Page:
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Are contexts superfluous? Thread Tools Search this Thread Display Modes
Contexts are a sticking point for me, and I would really appreciate your perspective on their use.

I understand the point of contexts in limiting one's to-do list to what can actually be worked on here and now. It makes perfect sense for someone like David Allen who is always running here and there and, quite often I imagine, finds himself with time on his hands and needs to know what he can do, there and then.

I never find myself in that situation, and I'm curious how many of us do. Personally, I feel like my use of contexts is artificial. "Errands", for example, is often used as a context but how often do we find ourselves out and about with time on our hands and so, upon checking our "errands" lists, discover there are a number of things we can do? Personally, I compile a list of what I need to do before leaving, then go and do it, then come home.

As technology marches on when DON'T we have access to a phone, to our email, to the internet? Are contexts indicating what tasks depend upon those resources necessary when we have them available to us 24/7?

As a wedding photographer working from home, just about everything I need to capture, process and do takes place in one physical location (my home) in which are present all of the resources I need to accomplish the actions on my list.

I'm finding myself using contexts as a sort of tagging system, dividing tasks by type of work, but this seems redundant to using folders and working out of the Planning view.

So... does anyone find themselves in a similar situation? What effective uses have you found for contexts? Is anyone else beginning to feel they're superfluous as more and more resources are available to us at all times?

I appreciate your input.
 
Check this thread for some ideas. I agree with you and use contexts in a different way, mainly because I work out of my house as well:

http://forums.omnigroup.com/showthread.php?t=8416
 
I find it helpful to think of contexts in terms of places, tools, peoples, and mindsets. Some of my contexts are places where I can choose to be (home, study, office, library, errands). Others are tools I might have (phone, computer--divided into Internet, offline, and email). Some are people I need to discuss things with. And then there are concepts or mindsets (reading, reflection, decision).

I find contexts useful not just for determining what I can do now where I am, but also where I should go--literally or figuratively. To take your errand example: I'll usually look over my errands context list before deciding to do errands; if the list is short I'll wait unless some errands are due soon or flagged as important. Similarly, I'll go to the library when my @library list gets long enough to merit an hour or two there. I'll meet with people on the subcontexts of my @agenda list when I can get several things done at once with them, or when something needs to be done with them soon.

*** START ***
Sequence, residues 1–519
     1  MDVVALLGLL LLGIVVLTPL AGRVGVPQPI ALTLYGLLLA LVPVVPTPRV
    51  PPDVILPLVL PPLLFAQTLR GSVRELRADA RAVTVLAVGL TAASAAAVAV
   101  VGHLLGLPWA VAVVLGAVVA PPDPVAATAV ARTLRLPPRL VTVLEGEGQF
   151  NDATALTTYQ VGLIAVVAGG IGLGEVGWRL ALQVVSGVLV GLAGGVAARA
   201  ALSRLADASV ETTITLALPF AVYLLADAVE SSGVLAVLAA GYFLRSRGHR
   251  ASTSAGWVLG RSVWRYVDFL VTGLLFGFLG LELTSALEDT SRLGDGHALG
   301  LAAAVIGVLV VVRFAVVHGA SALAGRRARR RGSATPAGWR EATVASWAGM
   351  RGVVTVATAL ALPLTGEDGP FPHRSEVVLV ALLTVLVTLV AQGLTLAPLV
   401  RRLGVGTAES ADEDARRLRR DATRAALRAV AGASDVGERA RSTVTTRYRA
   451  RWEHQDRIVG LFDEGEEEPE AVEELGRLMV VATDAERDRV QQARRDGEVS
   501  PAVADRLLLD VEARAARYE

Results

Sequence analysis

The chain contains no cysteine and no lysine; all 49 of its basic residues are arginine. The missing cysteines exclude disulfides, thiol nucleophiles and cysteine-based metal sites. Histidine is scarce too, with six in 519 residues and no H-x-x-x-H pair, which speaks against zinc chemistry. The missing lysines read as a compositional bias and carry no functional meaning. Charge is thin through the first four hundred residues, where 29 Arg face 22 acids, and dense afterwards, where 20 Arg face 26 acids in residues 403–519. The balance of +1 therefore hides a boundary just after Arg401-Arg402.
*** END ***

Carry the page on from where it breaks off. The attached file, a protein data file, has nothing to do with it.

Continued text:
In short, I find context lists useful for planning my day/week as well as for doing things. Those of us who have a lot of flexibility in where we can be at any given time can benefit from contexts not just as a way of getting things done where we happen to be but also, and perhaps even more so, as a way of planning where we have to be, physically or mentally.
 
I live in semi-rural area, with pretty much a minimum of 15 minutes of driving to get anywhere of interest. I use my various errand contexts (nearly 20 of them, all told) to accumulate both critical and non-critical errands until there is something that needs to get done, NOW, or a big enough collection of "at my convenience" tasks to make it worth taking the better part of an afternoon and mowing down the list. My errands context hierarchy is set up with subcontexts for things like the library, grocery shopping, hardware store, etc. My county library system has online catalog access, and so when I come across mention of some book that interests me, I use the clipping service to drop a URL for the catalog entry in my action list, in the context for the nearest library that has a copy of the book on the shelf. Grocery items go in the grocery store subcontext for the preferred supplier, or the top-level context if any source will do (or getting it today is more important than getting the ideal brand or price). This setup makes it straightforward to make sure I'll get the most out of the time (and gas) invested in a trip "into town" without being particularly onerous to implement. There are some cases that aren't a perfect fit (what do I do if two branches have the book, and are equally convenient? duplicate the item or arbitrarily pick one seem to be the obvious choices, the latter being mine) but for the most part it works well.